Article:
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  • by Erik Altieri, NORML Executive Director December 13, 2016

    legalizationThis morning in Ottawa, a government task force assigned to study legalizing and regulating the adult use of marijuana in Canada released their recommendations. The task force recommended that sales should be restricted to those over the age of 18 with a personal possession limit of 30 grams. Their recommended model of legalization would put heavy restrictions on most types of cannabis advertising and tax the product based on THC content. The task force suggested that both storefronts and delivery services would be allowed as well as the home cultivation of up to four plants. They also believe that all of Canada’s current laws regarding medical marijuana remain in place as they are currently with no change.

    “The prohibitory regime exists does not work and has not met the basic principles of public health and safety that have to be at the core of this public policy,” stated Anne McLellan, former minister of justice and chair of the task force.

    The group’s nine members had discussions with scientific experts across Canada and received the opinions of over 28,000 citizens via online consultations before making their recommendations. They also made visits to states in the US that have already legalized marijuana for adult consumption.

    While the task force’s recommendations are non-binding, they announced during the press conference that the Canadian government will present legislation in the spring of 2017 modeled after this report. The implementation date of that legislation is still unclear.

    With Canada blazing a new and smarter path forward on marijuana policy, the pressure will only continue to build on the United States government to reform our federal marijuana laws.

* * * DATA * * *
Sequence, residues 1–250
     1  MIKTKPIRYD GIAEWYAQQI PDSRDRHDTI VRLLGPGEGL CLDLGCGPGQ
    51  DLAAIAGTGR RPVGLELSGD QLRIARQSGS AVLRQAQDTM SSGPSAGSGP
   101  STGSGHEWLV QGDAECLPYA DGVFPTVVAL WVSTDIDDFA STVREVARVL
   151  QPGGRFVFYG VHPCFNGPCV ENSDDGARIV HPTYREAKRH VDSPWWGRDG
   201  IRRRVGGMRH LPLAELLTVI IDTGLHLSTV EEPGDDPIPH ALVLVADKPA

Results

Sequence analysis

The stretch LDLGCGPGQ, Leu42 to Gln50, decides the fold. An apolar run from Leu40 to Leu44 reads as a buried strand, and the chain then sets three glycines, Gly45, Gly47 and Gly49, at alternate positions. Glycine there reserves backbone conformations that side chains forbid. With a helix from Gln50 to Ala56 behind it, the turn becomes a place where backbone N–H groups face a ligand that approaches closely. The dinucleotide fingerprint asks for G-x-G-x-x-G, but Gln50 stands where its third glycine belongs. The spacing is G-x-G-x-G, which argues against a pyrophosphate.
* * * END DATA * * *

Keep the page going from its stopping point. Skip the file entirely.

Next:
You can read the full report HERE.

  • by NORML December 1, 2016

    president_obamaIn a just published “exit interview” with Rolling Stone Magazine, President Barack Obama opined that marijuana use should be treated as a public-health issue, not a criminal matter, and called the current patchwork of state and federal laws regarding the drug “untenable.”

    “Look, I’ve been very clear about my belief that we should try to discourage substance abuse,” Obama said. “And I am not somebody who believes that legalization is a panacea. But I do believe that treating this as a public-health issue, the same way we do with cigarettes or alcohol, is the much smarter way to deal with it.”

    He added, “It is untenable over the long term for the Justice Department or the DEA to be enforcing a patchwork of laws, where something that’s legal in one state could get you a 20-year prison sentence in another. So this is a debate that is now ripe, much in the same way that we ended up making progress on same-sex marriage.”

    Although the administration, largely in its second term, has permitted states to experiment with marijuana legalization policies without federal interference, it has not pushed strongly for any permanent changes in federal law, such as amending cannabis’ schedule I classification or permitting banks to work closely with state-licensed marijuana businesses. As a result, some marijuana law reform advocates believe that President Obama has not done enough to move the issue forward during his tenure. Responding to this criticism, Obama said: “Look, I am now very much in lame-duck status. And I will have the opportunity as a private citizen to describe where I think we need to go.”